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Old 23-08-2009, 09:32   #3
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Santa Barbera is a lovely place. Probably the best on the whole California coast--if you're wealthy and ashore. It's an exposed coast, esp in the winter. You will seldom if ever, have a day where the boat is sitting quietly. Anything CAN be done, but.....
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Old 23-08-2009, 11:47   #4
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as i said before--the fools anchorage is where folks anchor in winter--is snubbed by snotty yotties, but some folks actually enjoy it there----but it lives up to its nickname..>LOL.....i have a friend who has been there for at least 1-2 yrs....he likes it there....even ion winter--he tells me what to do there and how to go about anchoring in winter there--what he has to do to be safe...i keep asking him when he is going to leave, but he wont....boats donot sit quietly there even in summer...LOL. morro bay, half moon bay and some other places are , in my mind, better choices in winter--be careful in morro bay--when surf is up, is very dangerous entry.......channel islands harbor is better also--has inexpensive dockage....
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Old 23-08-2009, 14:49   #5
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Well, I don't want to go any further south than Ventura. I think I'm going to try it out in "Marina 5" as I've heard it called, and see how it goes. I may plan on splitting time in guest slips in the marina.

If things aren't working out with the rough weather, I'll sail down to Ventura and go hunting for a liveaboard slip, or, worst case, just flop between a guest slip in SB and Ventura.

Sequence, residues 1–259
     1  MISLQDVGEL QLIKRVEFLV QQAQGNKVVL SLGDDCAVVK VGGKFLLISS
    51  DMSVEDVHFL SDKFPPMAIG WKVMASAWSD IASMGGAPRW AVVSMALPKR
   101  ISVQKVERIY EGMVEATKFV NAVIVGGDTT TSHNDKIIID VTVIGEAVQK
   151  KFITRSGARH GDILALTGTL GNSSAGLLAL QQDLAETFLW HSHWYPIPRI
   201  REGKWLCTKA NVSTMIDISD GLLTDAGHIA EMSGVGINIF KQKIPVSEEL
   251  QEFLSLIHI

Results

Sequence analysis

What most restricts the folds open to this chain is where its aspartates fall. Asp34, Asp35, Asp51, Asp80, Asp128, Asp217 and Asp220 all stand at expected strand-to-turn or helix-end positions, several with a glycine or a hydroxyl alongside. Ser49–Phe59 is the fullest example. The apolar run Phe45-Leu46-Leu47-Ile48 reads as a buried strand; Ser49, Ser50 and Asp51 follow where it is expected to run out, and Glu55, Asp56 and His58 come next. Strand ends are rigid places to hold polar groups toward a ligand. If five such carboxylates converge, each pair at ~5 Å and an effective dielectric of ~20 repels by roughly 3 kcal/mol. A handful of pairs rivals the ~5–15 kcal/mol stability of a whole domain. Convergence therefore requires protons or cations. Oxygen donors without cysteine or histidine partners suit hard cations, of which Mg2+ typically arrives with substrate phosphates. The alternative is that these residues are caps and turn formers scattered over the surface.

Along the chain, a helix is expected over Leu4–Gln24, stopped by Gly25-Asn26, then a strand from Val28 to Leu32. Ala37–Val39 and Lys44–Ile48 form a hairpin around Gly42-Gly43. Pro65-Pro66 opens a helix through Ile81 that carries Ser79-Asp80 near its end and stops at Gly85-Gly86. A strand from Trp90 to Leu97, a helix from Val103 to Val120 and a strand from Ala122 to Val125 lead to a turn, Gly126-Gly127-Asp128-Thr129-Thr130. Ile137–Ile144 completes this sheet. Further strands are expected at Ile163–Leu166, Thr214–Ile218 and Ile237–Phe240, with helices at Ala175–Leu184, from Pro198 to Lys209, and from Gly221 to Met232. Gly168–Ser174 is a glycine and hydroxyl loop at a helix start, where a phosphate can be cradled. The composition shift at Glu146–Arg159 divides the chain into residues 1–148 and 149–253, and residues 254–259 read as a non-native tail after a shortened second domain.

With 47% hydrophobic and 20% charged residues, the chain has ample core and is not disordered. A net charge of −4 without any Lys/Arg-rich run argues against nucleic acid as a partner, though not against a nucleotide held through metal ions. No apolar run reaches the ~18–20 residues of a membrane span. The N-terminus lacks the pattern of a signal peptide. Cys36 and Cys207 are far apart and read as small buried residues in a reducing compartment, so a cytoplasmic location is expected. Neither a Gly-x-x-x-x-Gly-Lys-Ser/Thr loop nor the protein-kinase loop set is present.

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Old 16-09-2009, 17:52   #6
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Spent a wenter in Ventura, waiting for parts from down under for my windless and then just hanging out around the islands..
Something to think about, get rid of that idea "liveaboard" and call yourself a cruiser.. Many marinas dont allow "liveaboards" but we've gone in right after someone was turned down as a liveaboard and said we were cruisers and just passing through and were allowed to stay as much as 90 to 120 days.. we pay for the 90 days (3 months) up front and often negociate the fees..
Many marinas, when you mention liveaboard they have this idea that you're moving in and setting up flower pots and plants on the dock, including the pink flamingo.
But if you say you're a cruiser and pay up-front, they know when you're leaving and they already have your money.. When you leave, they smile and welcome you back your next time around.
For 7 years now, we've been harbor hopping up and down the west coast, spending two to three months in one place and then move on..
For a couple years we jumped around the SanFrancisco area staying in one marina and then another, moving every couple to 3 months..
And the great thing about it....you dont pay a liveaboard fee in most places..
Back to Santa Barbara, meet a few people that would hang out in the anchorage until a storm would come in and then head for the harbor for a couple nights in a guest slip..